IMG_1140

I suddenly noticed earlier that my glasses and my shirt are the same color. That was not intentional.

FotorCreated

The only ones I personally prepared are the macaroni salad and the ham. The apple crumble, chicken and pancit malabon were take-out orders.

The candles, they’re called prosperity candles. I’m not sure if this tradition is done elsewhere too, but the practice is you light all (7) candles: red (health), blue (peace), yellow (intelligence), violet (spiritual growth), pink (love), green (money), and orange (career) at 11:30pm and put them out at 12 midnight. The smallest candle or the one that melted the quickest symbolizes the good fortune that the new year will bring you first, followed by the rest.

It’s really hard though to decipher which one is the smallest since the candles got a little mixed up when they melted. But I think orange is the smallest, then pink, blue, green, red, violet and yellow.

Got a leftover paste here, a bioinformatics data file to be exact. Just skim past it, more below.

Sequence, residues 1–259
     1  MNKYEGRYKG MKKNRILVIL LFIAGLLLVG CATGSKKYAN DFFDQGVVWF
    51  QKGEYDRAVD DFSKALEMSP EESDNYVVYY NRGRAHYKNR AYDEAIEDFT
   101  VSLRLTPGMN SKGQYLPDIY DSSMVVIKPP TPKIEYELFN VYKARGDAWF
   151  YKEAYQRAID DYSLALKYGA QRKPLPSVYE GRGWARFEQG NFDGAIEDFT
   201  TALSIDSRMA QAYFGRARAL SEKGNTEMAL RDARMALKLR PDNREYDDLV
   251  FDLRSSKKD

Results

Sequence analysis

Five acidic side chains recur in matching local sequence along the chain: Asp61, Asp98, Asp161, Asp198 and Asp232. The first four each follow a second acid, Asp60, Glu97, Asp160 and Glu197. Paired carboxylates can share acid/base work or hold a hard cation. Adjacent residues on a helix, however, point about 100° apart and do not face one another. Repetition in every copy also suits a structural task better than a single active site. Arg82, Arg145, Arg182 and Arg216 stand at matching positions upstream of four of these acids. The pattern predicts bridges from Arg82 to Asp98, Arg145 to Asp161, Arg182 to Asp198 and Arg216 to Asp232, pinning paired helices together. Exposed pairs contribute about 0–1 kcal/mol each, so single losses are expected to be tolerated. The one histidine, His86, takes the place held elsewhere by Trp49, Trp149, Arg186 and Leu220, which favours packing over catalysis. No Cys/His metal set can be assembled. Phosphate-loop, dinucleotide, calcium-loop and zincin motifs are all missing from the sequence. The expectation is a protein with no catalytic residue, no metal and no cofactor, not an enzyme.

Orange is for career, hurray! I think this one got me a little excited, crossing my fingers and praying it will be. Pink for love, but not so much a priority. Blue for peace, oh yes peace of mind. Green for money, so I could travel more and buy more books; and Naruto manga and some goodies, and save more. Red for health, good health is always a blessings. Violet for spiritual growth, guidance from God. And last but not the least, yellow for intelligence; to learn new things and new experiences for the mind, body and soul intellect.

First Thoughts – Colorless Tsukuru Tazaki and His Years of Pilgrimage by Haruki Murakami

I recall being so excited when I first read a synopsis of Colorless Tsukuru Tazaki and His Years of Pilgrimage last year. I knew it from then that it is something I should get my hands on and will be included in one of my best Murakami books.

I did not have this particular reaction with 1Q84 though when I first heard about it. I don’t really know what is wrong with the story that somehow it doesn’t appeal to me, for now maybe. Maybe it’s just my taste or maybe something is wrong with me that I’m not all excited with what it is about.